Public service policy implementation, stewardship and gender equality top of research agenda
UNSW Canberra’s Public Service Research Group (PSRG) is setting the agenda for the Australian Public Service (APS) with new research on policy implementation, stewardship and gender equality.
It has launched a Papers Series addressing topical themes in the APS.
The first two issues papers: Not Another Review About Implementation? Reframing the Research Agenda and Is All Stewardship Equal? Developing a Typology of Stewardship Approaches were released on Wednesday, along with the first research brief: Embedding Gender Equality in the Australian Public Service: Changing practices, changing cultures.
The implementation review explores the importance of context in policy implementation.
Authored by Dr Katie Moon, Professor Deborah Blackman and Associate Professor Helen Dickinson, the paper argues that context is not sufficiently considered when policies are designed, and governments need better tools to analyse the environmental factors that affect policy outcomes.
“Although current implementation research mentions complexity and context, it is largely given as an excuse to explain why a policy failed, rather than forming a core part of the decision process,” Dr Moon said.
The paper on stewardship, by Associate Professor Helen Dickinson, Dr Katie Moon, Dr Dru Marsh and Dr Gemma Carey, grapples with the evolving role of the APS.
It suggests that workforce skills may need to evolve as the role of government agencies change.
“There is a real gap in terms of the evidence in this area,” Dr Dickinson said.
“If stewardship is going to be the new way government works, what kind of workforce skills and competencies will be needed to discharge that function?”
The research brief, by Dr Sue Williamson and Dr Meraiah Foley, addresses gender equality and shows the 2016 APS Gender Equality Strategy has had a positive impact.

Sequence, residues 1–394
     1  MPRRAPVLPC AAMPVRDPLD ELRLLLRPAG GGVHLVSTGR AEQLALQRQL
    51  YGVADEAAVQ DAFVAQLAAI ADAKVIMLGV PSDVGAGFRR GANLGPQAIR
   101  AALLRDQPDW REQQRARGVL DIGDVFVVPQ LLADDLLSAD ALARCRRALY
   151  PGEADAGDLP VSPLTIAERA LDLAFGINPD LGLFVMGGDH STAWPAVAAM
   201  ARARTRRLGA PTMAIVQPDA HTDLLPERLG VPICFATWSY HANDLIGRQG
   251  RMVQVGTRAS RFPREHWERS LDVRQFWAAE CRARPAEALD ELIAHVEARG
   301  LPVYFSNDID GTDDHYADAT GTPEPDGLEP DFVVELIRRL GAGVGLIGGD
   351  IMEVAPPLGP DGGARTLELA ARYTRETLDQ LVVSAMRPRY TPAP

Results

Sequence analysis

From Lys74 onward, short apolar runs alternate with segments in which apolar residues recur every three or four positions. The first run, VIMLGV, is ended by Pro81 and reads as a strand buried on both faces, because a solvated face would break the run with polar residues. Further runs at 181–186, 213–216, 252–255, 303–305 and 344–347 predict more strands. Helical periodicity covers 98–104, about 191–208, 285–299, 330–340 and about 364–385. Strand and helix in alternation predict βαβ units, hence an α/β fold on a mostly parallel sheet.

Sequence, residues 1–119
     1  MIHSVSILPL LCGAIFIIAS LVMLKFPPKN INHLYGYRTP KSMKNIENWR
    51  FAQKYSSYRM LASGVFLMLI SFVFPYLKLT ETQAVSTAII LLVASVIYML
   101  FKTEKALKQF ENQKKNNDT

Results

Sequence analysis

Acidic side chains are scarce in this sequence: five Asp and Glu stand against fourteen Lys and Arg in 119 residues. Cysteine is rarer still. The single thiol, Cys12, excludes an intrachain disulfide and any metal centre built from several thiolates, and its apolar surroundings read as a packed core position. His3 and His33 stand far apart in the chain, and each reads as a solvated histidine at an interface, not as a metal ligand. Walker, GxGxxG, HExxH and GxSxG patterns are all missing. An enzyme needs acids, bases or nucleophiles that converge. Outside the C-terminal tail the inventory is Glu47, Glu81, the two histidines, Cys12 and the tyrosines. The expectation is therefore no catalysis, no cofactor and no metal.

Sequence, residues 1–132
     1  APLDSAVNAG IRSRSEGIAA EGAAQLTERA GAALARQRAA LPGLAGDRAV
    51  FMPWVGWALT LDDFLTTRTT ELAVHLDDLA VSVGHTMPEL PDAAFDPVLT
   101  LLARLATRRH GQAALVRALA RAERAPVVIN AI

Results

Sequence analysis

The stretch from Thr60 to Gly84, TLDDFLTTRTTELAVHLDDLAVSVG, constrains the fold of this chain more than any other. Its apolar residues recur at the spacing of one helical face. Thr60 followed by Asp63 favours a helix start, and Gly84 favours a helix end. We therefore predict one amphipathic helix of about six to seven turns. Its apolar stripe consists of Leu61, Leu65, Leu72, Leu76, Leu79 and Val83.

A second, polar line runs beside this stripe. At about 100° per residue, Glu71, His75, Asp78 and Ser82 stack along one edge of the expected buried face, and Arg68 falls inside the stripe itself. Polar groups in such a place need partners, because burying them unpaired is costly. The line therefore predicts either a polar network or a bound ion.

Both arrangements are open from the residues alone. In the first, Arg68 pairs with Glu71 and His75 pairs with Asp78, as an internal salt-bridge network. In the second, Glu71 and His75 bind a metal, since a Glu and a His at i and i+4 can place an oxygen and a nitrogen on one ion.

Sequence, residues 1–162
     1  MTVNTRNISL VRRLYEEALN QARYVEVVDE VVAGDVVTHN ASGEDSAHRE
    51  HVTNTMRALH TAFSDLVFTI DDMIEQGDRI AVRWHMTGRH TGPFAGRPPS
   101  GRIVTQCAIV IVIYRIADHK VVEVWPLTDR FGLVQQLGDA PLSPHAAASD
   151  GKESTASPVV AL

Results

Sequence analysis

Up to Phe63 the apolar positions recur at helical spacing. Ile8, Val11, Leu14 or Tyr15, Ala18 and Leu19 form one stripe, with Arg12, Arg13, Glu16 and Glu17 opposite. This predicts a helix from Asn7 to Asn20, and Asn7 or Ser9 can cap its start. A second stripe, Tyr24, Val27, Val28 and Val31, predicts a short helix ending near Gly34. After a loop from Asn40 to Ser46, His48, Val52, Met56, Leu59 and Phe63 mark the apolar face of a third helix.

“It enabled managers to talk about the ways they could progress gender equality within their teams and organisations,” Dr Williamson said.
“We heard about many great initiatives being implemented, from job-sharing between employees of different levels, to SES working flexibly.”
It also found managers were committed to tackling unconscious bias in employment processes.
“Unconscious bias training has been very effective at giving people a language to talk about the negative effects of stereotyping,” Dr Foley said.
“Many of the people we interviewed were acutely aware of the potential for unconscious bias to influence employment decisions, and were very motivated to prevent that.”
The paper series aims to outline the existing evidence base around important topics, set out future research priorities and provide accessible summaries of new research.
It comprises two different forms of publications; research briefs and issues papers. The research briefs are short papers that summarise the findings and implications of a recent piece of PSRG research. Issues papers are more substantial pieces that are an original exploration of a theme relevant to the APS.
The PSRG Paper Series is available here.